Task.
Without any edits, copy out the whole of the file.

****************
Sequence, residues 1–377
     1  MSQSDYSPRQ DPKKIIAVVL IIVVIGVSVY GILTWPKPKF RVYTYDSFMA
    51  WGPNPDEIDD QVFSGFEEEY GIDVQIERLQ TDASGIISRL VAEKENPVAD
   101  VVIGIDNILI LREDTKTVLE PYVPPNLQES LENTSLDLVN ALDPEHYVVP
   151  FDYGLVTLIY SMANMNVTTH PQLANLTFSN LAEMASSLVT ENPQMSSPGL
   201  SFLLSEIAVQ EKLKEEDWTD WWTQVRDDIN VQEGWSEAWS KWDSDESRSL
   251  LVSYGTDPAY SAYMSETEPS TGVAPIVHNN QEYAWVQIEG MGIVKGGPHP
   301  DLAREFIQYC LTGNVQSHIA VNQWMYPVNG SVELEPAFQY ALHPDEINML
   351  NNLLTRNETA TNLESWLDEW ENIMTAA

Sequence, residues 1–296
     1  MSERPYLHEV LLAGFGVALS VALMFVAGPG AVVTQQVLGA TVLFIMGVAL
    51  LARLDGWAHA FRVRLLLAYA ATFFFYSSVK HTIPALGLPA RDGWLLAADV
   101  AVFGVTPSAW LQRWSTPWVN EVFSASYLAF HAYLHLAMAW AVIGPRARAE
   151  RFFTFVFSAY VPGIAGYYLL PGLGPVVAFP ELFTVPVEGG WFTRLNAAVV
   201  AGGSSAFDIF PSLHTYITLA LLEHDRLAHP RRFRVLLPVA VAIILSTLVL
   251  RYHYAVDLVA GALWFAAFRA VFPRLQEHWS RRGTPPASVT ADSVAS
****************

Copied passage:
Sequence, residues 1–377
     1  MSQSDYSPRQ DPKKIIAVVL IIVVIGVSVY GILTWPKPKF RVYTYDSFMA
    51  WGPNPDEIDD QVFSGFEEEY GIDVQIERLQ TDASGIISRL VAEKENPVAD
   101  VVIGIDNILI LREDTKTVLE PYVPPNLQES LENTSLDLVN ALDPEHYVVP
   151  FDYGLVTLIY SMANMNVTTH PQLANLTFSN LAEMASSLVT ENPQMSSPGL
   201  SFLLSEIAVQ EKLKEEDWTD WWTQVRDDIN VQEGWSEAWS KWDSDESRSL
   251  LVSYGTDPAY SAYMSETEPS TGVAPIVHNN QEYAWVQIEG MGIVKGGPHP
   301  DLAREFIQYC LTGNVQSHIA VNQWMYPVNG SVELEPAFQY ALHPDEINML
   351  NNLLTRNETA TNLESWLDEW ENIMTAA

Sequence, residues 1–296
     1  MSERPYLHEV LLAGFGVALS VALMFVAGPG AVVTQQVLGA TVLFIMGVAL
    51  LARLDGWAHA FRVRLLLAYA ATFFFYSSVK HTIPALGLPA RDGWLLAADV
   101  AVFGVTPSAW LQRWSTPWVN EVFSASYLAF HAYLHLAMAW AVIGPRARAE
   151  RFFTFVFSAY VPGIAGYYLL PGLGPVVAFP ELFTVPVEGG WFTRLNAAVV
   201  AGGSSAFDIF PSLHTYITLA LLEHDRLAHP RRFRVLLPVA VAIILSTLVL
   251  RYHYAVDLVA GALWFAAFRA VFPRLQEHWS RRGTPPASVT ADSVAS